English home Forum Photo Gallery Features Newsletter Archive   About US Help Site Map
- Newsletter
- Online Community
- China Biz Info
- News Archive
- Feedback
- Voices of Readers
- Weather Forecast
 RSS Feeds
- China 
- Business 
- World 
- Sci-Edu 
- Culture/Life 
- Sports 
- Photos 
- Most Popular 
- FM Briefings 
 About China
- China at a glance
- China in brief 2004
- Chinese history
- Constitution
- Laws & regulations
- CPC & state organs
- Ethnic minorities
- Selected Works of Deng Xiaoping

Home >> Life
UPDATED: 08:18, March 13, 2006
Venetian coins found in Cyprus
font size    

Some 300 to 400 copper Venetian coins have been unearthed during excavations in the old city of Nicosia, local press reported on Sunday.

The coins were found near the remains of an Ottoman Bath, where new offices of the Sewage Board will be built.

The excavation site of the coins led to speculation that the bath was built during the first few years of the Ottoman period in Cyprus, when Ottoman currency may not yet have been initiated and circulating around the island.

The Venetian Period in Cyprus lasted from 1489 until 1571, when the Ottomans conquered Famagusta and brought Cyprus under the umbrella of the Ottoman Empire for the next 300 years.

"The most likely scenario is that the Ottoman bath was built sometime from 1571 to 1578 when they might have still been using the Venetian coins," Pavlos Flourentzos, director of the Antiquities Department, was quoted as saying.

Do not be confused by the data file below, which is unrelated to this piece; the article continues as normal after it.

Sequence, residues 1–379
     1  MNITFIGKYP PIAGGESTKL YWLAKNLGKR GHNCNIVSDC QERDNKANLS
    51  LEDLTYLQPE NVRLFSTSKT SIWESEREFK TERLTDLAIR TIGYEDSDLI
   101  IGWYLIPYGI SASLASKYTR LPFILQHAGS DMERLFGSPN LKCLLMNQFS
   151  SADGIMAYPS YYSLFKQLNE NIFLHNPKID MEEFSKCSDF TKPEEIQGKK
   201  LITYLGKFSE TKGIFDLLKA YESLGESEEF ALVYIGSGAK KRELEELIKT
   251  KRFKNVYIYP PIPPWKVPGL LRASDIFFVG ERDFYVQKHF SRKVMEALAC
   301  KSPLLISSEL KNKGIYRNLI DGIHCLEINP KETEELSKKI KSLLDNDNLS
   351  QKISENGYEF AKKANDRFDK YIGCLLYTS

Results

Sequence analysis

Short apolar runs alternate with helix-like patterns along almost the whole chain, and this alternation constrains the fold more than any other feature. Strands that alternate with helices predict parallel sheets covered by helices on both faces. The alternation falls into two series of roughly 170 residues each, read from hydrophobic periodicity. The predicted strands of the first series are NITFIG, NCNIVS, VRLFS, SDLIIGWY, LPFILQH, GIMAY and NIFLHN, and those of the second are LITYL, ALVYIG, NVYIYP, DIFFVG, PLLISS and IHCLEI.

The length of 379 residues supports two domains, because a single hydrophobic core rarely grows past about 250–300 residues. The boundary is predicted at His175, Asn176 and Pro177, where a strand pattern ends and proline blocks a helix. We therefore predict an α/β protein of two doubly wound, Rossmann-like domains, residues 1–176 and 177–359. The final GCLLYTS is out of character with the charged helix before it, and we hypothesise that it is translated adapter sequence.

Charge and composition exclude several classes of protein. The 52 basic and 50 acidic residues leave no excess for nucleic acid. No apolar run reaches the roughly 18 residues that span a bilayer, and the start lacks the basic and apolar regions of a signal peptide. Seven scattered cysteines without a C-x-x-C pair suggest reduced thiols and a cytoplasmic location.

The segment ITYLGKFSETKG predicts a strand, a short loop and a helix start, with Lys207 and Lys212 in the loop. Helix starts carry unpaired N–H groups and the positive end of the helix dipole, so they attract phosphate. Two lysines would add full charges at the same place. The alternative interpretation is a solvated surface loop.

The copper Venetian coins are currently being treated in the Cyprus Museum for preservation purposes.

Modern Nicosia is built upon the ruins of a succession of civilizations, including Byzantine, Frankish, Venetian, and Ottoman.

Because there were no mechanical means to remove the rubble created when ancient builders demolished old structures, they would simply build on top of the rubble, thereby creating a new layer of ruins on top of the old ones.

Cypriot archaeological officer George Georgiou said that since Nicosia was a Bronze Age town, Bronze Age remains can be found in some parts of the city, thereby making it "one of the most ancient capitals in Europe".

The island's Antiquities Department classifies certain areas of Cyprus as Class A or Class B Monument sites.

Class A sites are under the ownership of the Antiquities Department, while Class B sites can be privately owned, although the Antiquities Department can inspect them and halt construction if valuable artefacts are discovered.

However, there are no plans to stop the construction of the Sewage Board offices due to the bath and coins findings, Flourentzos said, adding that the remains of the bath will be maintained and preserved within the building.

Source: Xinhua

Comments on the story Comment on the story Recommend to friends Tell a friend Print friendly Version Print friendly format Save to disk Save this

- Text Version
- RSS Feeds
- China Forum
- Newsletter
- People's Comment
- Most Popular
 Related News
- Ancient coins unearthed in NW China

Manufacturers, Exporters, Wholesalers - Global trade starts here.
Copyright by People's Daily Online, all rights reserved